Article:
To Sleep, To Dream…: Sleep-deprived medics are costing lives

Sleep deprivation is something that most industries take seriously. Airline pilots are allowed to fly only so many hours, and lorry drivers must rest every so often.


But despite the vast volumes of data that have been gathered over the years, the medical profession still insists on interns working shifts in excess of 24 hours. Inevitably they start making mistakes, sometimes life-threatening ones.


A new study confirms the problems, and no doubt will be added to all the previous ones that painted the very same picture. One of the earlier studies, published 33 years ago, found that interns made almost twice as many errors reading electrocardiograms after an extended shift than if they had had a proper night’s sleep.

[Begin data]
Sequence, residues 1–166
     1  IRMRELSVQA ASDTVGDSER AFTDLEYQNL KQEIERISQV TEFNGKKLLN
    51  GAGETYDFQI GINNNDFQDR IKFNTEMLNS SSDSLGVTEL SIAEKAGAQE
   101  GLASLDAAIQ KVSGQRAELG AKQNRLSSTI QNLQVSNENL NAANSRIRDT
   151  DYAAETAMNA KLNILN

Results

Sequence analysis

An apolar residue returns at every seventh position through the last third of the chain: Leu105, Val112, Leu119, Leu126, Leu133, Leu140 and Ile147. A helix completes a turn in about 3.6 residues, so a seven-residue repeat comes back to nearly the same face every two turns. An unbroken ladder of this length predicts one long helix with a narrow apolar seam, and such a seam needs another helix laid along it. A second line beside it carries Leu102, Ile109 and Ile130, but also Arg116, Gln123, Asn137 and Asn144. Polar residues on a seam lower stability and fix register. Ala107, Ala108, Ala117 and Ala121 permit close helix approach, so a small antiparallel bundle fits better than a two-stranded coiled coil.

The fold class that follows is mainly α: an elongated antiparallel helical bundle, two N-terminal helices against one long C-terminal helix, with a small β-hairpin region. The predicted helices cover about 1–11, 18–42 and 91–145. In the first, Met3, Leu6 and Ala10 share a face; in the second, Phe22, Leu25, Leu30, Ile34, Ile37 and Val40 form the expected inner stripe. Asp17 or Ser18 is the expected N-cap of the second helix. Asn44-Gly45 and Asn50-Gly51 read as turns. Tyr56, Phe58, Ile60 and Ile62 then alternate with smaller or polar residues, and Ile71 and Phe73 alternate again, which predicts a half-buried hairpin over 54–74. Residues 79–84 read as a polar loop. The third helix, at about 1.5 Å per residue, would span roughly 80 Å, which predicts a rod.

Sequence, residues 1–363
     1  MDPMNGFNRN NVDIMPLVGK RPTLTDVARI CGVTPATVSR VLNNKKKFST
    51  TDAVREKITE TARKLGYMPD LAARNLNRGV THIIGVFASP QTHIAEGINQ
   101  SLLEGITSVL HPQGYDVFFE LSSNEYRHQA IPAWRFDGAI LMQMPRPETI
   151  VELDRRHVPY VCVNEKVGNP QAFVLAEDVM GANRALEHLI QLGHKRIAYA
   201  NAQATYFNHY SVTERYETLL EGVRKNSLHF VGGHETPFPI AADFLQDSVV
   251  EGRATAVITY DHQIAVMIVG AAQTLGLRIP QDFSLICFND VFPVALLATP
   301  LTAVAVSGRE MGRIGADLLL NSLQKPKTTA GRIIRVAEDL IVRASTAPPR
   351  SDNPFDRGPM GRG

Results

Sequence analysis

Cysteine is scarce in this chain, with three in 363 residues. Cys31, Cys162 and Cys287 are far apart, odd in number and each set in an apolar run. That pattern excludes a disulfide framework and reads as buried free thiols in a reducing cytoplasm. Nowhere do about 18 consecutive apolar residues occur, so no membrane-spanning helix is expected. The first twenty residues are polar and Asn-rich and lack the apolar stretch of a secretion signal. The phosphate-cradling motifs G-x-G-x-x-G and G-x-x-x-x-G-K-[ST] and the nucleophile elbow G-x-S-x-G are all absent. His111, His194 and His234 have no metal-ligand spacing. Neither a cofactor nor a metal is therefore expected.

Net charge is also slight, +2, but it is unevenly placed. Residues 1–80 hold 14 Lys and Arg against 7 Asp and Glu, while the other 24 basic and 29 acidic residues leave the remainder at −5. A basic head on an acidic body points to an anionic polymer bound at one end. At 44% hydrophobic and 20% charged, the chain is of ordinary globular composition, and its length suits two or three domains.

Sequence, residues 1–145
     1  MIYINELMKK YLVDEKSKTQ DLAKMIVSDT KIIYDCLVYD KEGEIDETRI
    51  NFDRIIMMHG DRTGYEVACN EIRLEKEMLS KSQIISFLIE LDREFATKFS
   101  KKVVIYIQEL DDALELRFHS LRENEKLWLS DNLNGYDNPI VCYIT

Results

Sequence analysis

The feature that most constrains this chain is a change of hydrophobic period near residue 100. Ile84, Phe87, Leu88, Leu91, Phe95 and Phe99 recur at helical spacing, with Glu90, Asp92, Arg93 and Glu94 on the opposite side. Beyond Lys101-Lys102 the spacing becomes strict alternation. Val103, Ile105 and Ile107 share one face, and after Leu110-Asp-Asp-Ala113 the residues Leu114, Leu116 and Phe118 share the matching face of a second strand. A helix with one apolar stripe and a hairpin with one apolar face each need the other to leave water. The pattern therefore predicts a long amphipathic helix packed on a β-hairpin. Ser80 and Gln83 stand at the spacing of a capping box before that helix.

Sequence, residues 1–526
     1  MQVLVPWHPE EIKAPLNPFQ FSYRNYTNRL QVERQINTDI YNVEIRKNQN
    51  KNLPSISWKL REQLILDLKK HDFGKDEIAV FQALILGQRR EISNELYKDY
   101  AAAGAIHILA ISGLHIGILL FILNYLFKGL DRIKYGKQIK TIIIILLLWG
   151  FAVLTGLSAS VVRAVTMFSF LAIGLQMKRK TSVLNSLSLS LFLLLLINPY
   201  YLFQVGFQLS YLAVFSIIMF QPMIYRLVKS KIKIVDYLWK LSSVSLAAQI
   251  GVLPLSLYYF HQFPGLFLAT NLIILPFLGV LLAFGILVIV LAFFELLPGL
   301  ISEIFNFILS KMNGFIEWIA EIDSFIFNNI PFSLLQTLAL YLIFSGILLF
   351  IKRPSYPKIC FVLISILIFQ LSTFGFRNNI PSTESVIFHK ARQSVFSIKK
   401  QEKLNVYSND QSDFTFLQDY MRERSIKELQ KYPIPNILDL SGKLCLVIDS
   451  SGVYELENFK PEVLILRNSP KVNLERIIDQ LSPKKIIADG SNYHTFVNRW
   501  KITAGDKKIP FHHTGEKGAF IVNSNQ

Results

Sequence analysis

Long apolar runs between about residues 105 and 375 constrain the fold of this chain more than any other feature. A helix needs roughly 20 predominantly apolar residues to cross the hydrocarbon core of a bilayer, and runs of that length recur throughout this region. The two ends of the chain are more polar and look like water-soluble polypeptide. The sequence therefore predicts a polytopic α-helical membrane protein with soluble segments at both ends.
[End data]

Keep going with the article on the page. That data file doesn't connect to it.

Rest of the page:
Since then, nothing has been done to change what is a ludicrous work pattern, and one that endangers lives. The new study found that interns made 22 per cent more serious mistakes after a ‘traditional schedule’, where they had worked for at least 24 hours without sleep, than if they had worked an ‘intervention schedule’, where they worked a normal day and slept. They also made 20 per cent more medication errors – either prescribing the wrong dose or the wrong drug – and nearly six times more diagnostic errors during the traditional schedule.


(Source: New England Journal of Medicine, 2004; 351: 1838-48).

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What Doctors Don't Tell You Written by What Doctors Don't Tell You

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